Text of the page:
In a letter dated August 19, 2013, three members of Wyoming’s congressional delegation (its two U.S. Senators and one Representative, all Republicans) asked the Department of Interior to exempt Wyoming and other states having hydraulic fracturing regulations from the pending Bureau of Land Management’s rule applicable to hydraulic fracturing on public lands.

The lawmakers argue that the proposed BLM rule duplicates “in many aspects, state regulations that already address well-bore integrity and flowback water and require the disclosure of hydraulic fracturing constituents used on Federal public lands. We believe that BLM’s proposed rule will significantly delay oil and gas permitting and in turn discourage oil and gas production on our nation’s public lands.” Indicating “that states are best positioned to regulate hydraulic fracturing,” they questioned whether “BLM’s final rule will provide any meaningful benefits not already provided by public land states…, such as Wyoming, Colorado, Idaho, Montana, New Mexico, and Utah [which] currently enforce their own hydraulic fracturing regulations… [on] private and state lands… [and which] could be applied to Federal public lands with the states’ respective borders.”

Expressing a similar position, in mid-July 2013, Representative Bill Flores (R.-Texas) introduced a bill entitled “Protecting States’ Rights and Preventing Federal Red Tape on American Energy Act” which would bar the DOI from applying its proposed rule in states having their own hydraulic fracturing regulations, regardless of duplication or whether the state rules are more or less restrictive than the proposed rule. See previous blog dated July 25, 2013, “Proposed legislation would allow a state to control hydraulic fracturing on public lands within its borders.”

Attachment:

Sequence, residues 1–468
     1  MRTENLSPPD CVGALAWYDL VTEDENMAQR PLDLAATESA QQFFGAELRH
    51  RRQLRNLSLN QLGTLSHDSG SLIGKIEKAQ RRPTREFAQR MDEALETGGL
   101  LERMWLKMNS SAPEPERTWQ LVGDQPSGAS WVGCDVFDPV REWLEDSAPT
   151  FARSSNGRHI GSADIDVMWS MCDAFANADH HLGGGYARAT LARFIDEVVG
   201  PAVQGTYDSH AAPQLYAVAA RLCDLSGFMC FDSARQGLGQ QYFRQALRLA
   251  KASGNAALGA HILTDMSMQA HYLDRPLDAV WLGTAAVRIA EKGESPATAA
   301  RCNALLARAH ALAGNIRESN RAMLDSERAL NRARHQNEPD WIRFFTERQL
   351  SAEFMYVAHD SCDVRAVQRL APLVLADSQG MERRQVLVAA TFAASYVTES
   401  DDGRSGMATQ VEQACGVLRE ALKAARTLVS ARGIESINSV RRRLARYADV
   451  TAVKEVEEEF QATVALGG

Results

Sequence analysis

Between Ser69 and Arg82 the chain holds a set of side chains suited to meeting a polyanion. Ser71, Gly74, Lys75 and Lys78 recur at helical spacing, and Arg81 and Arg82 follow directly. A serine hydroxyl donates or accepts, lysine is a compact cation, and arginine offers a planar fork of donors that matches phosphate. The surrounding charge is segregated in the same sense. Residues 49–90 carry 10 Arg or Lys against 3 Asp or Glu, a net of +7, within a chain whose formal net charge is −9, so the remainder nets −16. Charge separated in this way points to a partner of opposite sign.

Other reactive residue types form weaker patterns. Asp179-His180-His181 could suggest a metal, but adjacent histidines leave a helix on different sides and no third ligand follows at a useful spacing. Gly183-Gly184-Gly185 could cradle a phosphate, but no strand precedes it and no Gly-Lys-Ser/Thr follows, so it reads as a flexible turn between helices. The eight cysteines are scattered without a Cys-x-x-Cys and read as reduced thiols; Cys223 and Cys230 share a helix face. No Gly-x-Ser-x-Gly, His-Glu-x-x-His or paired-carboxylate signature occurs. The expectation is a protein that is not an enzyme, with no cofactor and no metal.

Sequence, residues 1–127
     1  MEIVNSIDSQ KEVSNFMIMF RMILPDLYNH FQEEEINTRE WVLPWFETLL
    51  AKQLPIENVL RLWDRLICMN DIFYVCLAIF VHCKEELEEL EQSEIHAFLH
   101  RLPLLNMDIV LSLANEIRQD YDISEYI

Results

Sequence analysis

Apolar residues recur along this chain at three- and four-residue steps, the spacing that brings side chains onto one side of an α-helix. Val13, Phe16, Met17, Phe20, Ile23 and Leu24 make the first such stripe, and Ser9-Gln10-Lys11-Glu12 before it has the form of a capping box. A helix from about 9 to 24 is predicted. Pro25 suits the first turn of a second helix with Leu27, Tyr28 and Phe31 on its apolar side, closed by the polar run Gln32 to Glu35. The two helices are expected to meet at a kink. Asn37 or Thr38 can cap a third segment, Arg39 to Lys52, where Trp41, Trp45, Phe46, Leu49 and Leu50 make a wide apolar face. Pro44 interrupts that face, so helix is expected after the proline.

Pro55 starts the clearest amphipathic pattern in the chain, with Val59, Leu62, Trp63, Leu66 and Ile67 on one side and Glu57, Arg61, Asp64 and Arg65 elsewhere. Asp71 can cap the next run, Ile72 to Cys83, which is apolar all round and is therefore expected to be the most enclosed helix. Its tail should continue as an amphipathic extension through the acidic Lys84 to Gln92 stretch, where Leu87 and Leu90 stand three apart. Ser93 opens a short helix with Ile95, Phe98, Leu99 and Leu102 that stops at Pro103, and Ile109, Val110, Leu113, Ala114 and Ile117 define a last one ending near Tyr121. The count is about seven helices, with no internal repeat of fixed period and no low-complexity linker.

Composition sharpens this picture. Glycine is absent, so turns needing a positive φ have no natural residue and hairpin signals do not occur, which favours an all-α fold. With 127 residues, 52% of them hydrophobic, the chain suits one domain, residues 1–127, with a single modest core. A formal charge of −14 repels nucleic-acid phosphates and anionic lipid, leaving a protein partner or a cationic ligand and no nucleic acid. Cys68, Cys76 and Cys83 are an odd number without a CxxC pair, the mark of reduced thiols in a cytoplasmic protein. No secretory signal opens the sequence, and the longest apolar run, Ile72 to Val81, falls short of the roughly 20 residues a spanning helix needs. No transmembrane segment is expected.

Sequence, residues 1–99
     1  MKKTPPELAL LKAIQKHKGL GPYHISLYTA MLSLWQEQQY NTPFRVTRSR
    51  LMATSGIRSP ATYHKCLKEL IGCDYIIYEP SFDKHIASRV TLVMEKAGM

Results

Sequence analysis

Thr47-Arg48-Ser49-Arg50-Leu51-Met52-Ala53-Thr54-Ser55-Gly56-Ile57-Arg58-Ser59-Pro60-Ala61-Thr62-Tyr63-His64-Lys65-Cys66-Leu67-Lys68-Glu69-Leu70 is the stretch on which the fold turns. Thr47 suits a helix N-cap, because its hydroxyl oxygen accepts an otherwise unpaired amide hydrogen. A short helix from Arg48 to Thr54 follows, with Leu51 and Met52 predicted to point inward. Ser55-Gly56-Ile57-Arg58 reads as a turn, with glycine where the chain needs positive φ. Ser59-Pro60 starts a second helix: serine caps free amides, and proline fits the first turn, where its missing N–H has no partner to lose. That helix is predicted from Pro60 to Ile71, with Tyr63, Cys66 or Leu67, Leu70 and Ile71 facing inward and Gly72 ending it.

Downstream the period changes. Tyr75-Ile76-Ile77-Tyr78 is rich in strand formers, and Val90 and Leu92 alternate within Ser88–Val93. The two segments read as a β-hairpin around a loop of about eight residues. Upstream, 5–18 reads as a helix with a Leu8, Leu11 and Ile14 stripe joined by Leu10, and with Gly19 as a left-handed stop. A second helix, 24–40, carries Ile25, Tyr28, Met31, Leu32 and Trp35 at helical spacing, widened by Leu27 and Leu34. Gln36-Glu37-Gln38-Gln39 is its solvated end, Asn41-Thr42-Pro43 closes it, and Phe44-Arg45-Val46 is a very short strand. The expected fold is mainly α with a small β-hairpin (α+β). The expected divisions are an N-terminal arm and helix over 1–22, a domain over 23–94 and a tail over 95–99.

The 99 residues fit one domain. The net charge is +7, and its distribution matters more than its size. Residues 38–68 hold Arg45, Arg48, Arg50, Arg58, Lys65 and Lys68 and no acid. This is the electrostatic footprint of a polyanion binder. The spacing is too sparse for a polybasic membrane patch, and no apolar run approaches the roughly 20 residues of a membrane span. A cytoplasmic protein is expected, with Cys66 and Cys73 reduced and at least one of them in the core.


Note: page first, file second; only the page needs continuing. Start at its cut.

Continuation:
The proposed BLM rule provides for a variance, deferring to states and tribes that already have regulations in place that meet or exceed the proposed rule. However, the BLM retains the authority to modify the variance, which, according to the Wyoming legislators, would “lead to regulatory uncertainty for oil and gas producers.” The public comment period for the BLM’s proposed rule ends on August 23, 2013.


This post was written by Barclay Nicholson (barclay.nicholson@nortonrosefulbright.com or 713.651.3662) from Norton Rose Fulbright’s Energy Practice Group.